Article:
## How to Value Inventory When Calculating Cost of Goods Sold

Calculating inventory value can be time-consuming and tedious, so several "shortcut" identification methods are used in generally accepted accounting principles (GAAP). Figuring out how to work out the cost of sales is an important initial step for any company, especially those moving significant inventory. United States GAAP allows for four main methods of identifying and reporting inventory over a particular period.

• Specific identification: This ID method is scarcely used because it requires detailed bookkeeping. The inventory ID is usually reserved for unique and nonfungible items, like paintings, automobiles or limited edition collectibles.
• First-in, first-out (FIFO): FIFO is used when the first items produced are the first items to be sold. A company that sells its oldest products first will often have a lower COGS figure since material and manufacturing prices tend to rise over time.
• Last-in, first-out (LIFO): If FIFO means the oldest products are sold first, LIFO must mean the newest products are sold first. Why would a company sell its newest products first? When production costs rise, companies can use LIFO to lower tax payments and pair costs with revenue more efficiently.
• Weighted price average: The weighted average method doesn’t account for old or new inventory but instead uses the average price of the goods sold over the period to create the formula for the cost of sales. A weighted average is the simplest acceptable method and can help smooth infrequent cost spikes during volatile times.

How can a business metric like cost of goods sold help an investor? Since keeping the cost of goods sold down is important for a company’s profitability, investors can use COGS numbers from quarterly earnings reports to gauge how well a company manages its inventory and fixed costs.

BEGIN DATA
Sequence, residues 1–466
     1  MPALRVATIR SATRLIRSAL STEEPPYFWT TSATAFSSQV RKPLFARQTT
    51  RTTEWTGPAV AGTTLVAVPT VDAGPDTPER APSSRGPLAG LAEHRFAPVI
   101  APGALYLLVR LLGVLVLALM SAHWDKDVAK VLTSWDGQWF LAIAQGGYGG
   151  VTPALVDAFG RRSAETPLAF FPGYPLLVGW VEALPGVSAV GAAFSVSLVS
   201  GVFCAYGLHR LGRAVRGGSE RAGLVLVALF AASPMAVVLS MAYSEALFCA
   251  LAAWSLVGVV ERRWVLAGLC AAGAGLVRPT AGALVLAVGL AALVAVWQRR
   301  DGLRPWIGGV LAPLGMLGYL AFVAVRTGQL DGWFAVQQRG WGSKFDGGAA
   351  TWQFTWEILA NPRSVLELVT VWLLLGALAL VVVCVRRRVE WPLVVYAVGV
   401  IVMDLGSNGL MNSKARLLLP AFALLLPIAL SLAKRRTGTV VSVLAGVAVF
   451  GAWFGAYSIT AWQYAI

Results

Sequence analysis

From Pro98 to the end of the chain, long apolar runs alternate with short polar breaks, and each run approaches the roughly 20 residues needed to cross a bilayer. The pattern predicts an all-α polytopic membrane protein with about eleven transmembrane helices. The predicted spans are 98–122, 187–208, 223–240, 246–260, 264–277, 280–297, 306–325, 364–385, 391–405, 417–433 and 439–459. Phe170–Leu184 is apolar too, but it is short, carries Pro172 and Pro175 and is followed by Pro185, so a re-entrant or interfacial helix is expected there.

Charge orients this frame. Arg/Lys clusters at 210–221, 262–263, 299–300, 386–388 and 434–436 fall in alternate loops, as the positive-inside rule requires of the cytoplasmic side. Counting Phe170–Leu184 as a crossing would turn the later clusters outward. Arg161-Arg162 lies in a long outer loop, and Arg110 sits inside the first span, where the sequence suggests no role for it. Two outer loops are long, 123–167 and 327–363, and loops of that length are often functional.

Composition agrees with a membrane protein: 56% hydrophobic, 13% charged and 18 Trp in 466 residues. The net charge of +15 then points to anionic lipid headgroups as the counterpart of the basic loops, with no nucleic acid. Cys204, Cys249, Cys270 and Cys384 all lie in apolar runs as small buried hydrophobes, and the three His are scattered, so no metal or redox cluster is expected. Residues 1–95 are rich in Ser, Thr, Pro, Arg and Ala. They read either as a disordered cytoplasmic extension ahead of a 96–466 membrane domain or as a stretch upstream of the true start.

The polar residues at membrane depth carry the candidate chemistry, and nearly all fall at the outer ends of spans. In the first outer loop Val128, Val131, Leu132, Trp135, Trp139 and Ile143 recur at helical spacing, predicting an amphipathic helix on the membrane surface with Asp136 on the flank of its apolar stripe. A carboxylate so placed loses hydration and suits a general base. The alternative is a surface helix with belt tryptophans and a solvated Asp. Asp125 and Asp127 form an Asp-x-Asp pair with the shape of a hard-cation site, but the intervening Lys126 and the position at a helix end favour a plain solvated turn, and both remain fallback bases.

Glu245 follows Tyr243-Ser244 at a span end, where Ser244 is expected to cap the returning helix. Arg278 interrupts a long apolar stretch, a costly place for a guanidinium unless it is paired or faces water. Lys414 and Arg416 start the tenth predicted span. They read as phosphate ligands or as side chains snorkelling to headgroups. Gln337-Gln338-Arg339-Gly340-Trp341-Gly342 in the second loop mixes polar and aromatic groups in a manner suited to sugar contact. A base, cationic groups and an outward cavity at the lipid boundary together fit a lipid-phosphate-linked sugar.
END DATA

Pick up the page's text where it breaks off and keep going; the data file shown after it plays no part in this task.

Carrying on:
Business accountants can occasionally get creative when calculating the cost of goods sold, but companies attempt to keep these expenses consistent and manageable. When COGS rises, companies must raise product and service prices to match revenue. For companies in the consumer staples sector that sell goods with inelastic demand, these costs can often pass on to customers with little pushback.

But suppose a company in the consumer discretionary sector sees its costs of goods sold figures rise. In that case, there may not be as much room to push those costs onto the end consumer and profitability could suffer. A drag on profits could hurt the stock, so investors who notice rising COGS numbers on income statements might sell their shares in preparation for declining profits.

## Investors Can Apply COGS to Stock Evaluation

COGS might look like another number on a company’s quarterly earnings report. Still, it's an important metric because it determines what a company must charge for its products or services to turn a profit. Expenses included in the cost of sales definition are usually fixed and not at the company's discretion.

If the cost of selling a good or service rises, negative impacts can impact the company’s bottom line, especially if customers resist price increases. Investors can use COGS to make educated guesses about the future profit margins of individual companies. An income statement showing a stark rise in the cost of goods sold could be the canary in the coal mine in terms of a future stock price decline.

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## Dan Schmidt

### Contributing Author

Stocks, Fundamental and Technical Analysis

CompanyMarketRank™Current PricePrice ChangeDividend YieldP/E RatioConsensus RatingConsensus Price Target
Bloomin' Brands (BLMN)
4.4996 of 5 stars
4.50 / 5 stars
\$16.84-0.6%5.70%26.31Hold\$22.33
Caterpillar (CAT)
4.2118 of 5 stars
4.21 / 5 stars
\$329.36-1.3%1.71%14.87Hold\$336.31
TJX Companies (TJX)
4.0666 of 5 stars
4.07 / 5 stars
Verizon Communications (VZ)
4.8643 of 5 stars
4.86 / 5 stars